The Global Justice Reader / Edition 1

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The Global Justice Reader is a first-of-its kind collection that brings together key foundational and contemporary writings on this important topic in moral and political philosophy.

  • Brings together key foundational and contemporary writings on this important topic in moral and political philosophy
  • Offers a brief introduction followed by important readings on subjects ranging from sovereignty, human rights, and nationalism to global poverty, terrorism, and international environmental justice
  • Presents the writings of key figures in the field, including Thomas Hobbes, Immanuel Kant, John Rawls, Thomas Pogge, Peter Singer, and many others
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Editorial Reviews

From the Publisher
"This compilation fills a gap in the market and will serve as a very useful introduction to a course text." (Political Studies Review, May 2009)
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Product Details

  • ISBN-13: 9781405169646
  • Publisher: Wiley
  • Publication date: 4/28/2008
  • Edition description: New Edition
  • Edition number: 1
  • Pages: 768
  • Sales rank: 861,018
  • Product dimensions: 6.80 (w) x 9.74 (h) x 1.62 (d)

Meet the Author

Thom Brooks is Reader in Political and Legal Philosophy at the University of Newcastle and founding editor of the Journal of Moral Philosophy. He is the author of Hegel’s Political Philosophy (2007) and Punishment (2008), as well as editor of Rousseau and Law (2005), Locke and Law (2006), and co-editor of The Legacy of John Rawls (2005).

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Table of Contents




PART I: Sovereignty:.

Introduction 2.

1. Leviathan: Thomas Hobbes.

2. A State of Nature: Charles R. Beitz.

3. Cosmopolitanism and Sovereignty: Thomas W. Pogge.

PART II: Rights to Self-Determination:.


4. National Self-Determination: Avishai Margalit and Joseph Raz.

5. Theories of Secession: Allen Buchanan.

PART III: Human Rights:.


6. Universal Declaration of Human Rights: United Nations.

7. The Nature of Rights: Leif Wenar.

8. Human Rights as a Common Concern: Charles R. Beitz.

9. Group Rights and Group Oppression: Peter Jones.

10. What’s Wrong with Torture?: David Sussman.

PART IV: Rawls’s The Law of Peoples:.


11. The Law of Peoples: John Rawls.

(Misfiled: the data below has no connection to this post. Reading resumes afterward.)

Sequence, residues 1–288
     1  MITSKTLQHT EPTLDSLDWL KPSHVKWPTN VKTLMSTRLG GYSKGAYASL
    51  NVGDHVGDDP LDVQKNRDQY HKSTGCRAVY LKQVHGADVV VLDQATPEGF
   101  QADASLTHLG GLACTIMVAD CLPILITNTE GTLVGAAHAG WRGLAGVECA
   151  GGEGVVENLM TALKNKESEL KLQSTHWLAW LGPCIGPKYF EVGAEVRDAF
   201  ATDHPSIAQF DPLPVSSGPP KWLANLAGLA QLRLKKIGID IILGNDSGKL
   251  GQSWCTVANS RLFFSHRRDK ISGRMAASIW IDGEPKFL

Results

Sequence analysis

12. An Egalitarian Law of Peoples: Thomas W. Pogge.

PART V: Nationalism and Patriotism:.


13. What is so Special about our Fellow Countrymen?: Robert E. Goodin.

14. The Ethics of Nationality: David Miller.

15. Patriotism and Cosmopolitanism: Martha C. Nussbaum.

PART VI: Cosmopolitanism:.


16. Perpetual Peace: Immanuel Kant.

17. Kant’s Idea of Perpetual Peace, with the Benefit of Two Hundred Years’ Hindsight: Jürgen Habermas.

18. Moral Universalism and Global Economic Justice: Thomas W. Pogge.

PART VII: Global Poverty and International Distributive Justice:.


19. Famine, Affluence, and Morality: Peter Singer.

20. What We Owe to Distant Others: Leif Wenar.

21. The Problem of Global Justice: Thomas Nagel.

22. Eradicating Systemic Poverty: Brief for a Global Resources Dividend: Thomas W. Pogge.

23. Poverty Relief, Global Institutions, and the Problem of Compliance: Lisa L. Fuller.

PART VIII: Just War:.


24. War, Sedition, and Killing: St. Thomas Aquinas.

25. A Few Words on Non-Intervention: John Stuart Mill.

26. Charter, Chapter VII: United Nations.

27. War and Massacre: Thomas Nagel.

28. Anticipations: Michael Walzer.

29. Just Cause for War: Jeff McMahan.

PART IX: Terrorism:.


30. Noncombatant Immunity and Military Necessity: Michael Walzer.

31. Terrorism without Intention: David Rodin.

32. Terrorism, Justification, and Illusion: Saul Smilansky.

PART X: Women and Global Justice:.


33. Is Multiculturalism Bad for Women?: Susan Moller Okin.

34. Capabilities as Fundamental Entitlements: Sen and Social Justice: Martha C. Nussbaum.

35. The Role of Religion: Martha C. Nussbaum.

36. Conceptualizing Women’s Human Rights: Carol C. Gould.

PART XI: International Environmental Justice:.


37. One Atmosphere: Peter Singer.

38. Cosmopolitan Justice, Responsibility, and Global Climate Change: Simon Caney.



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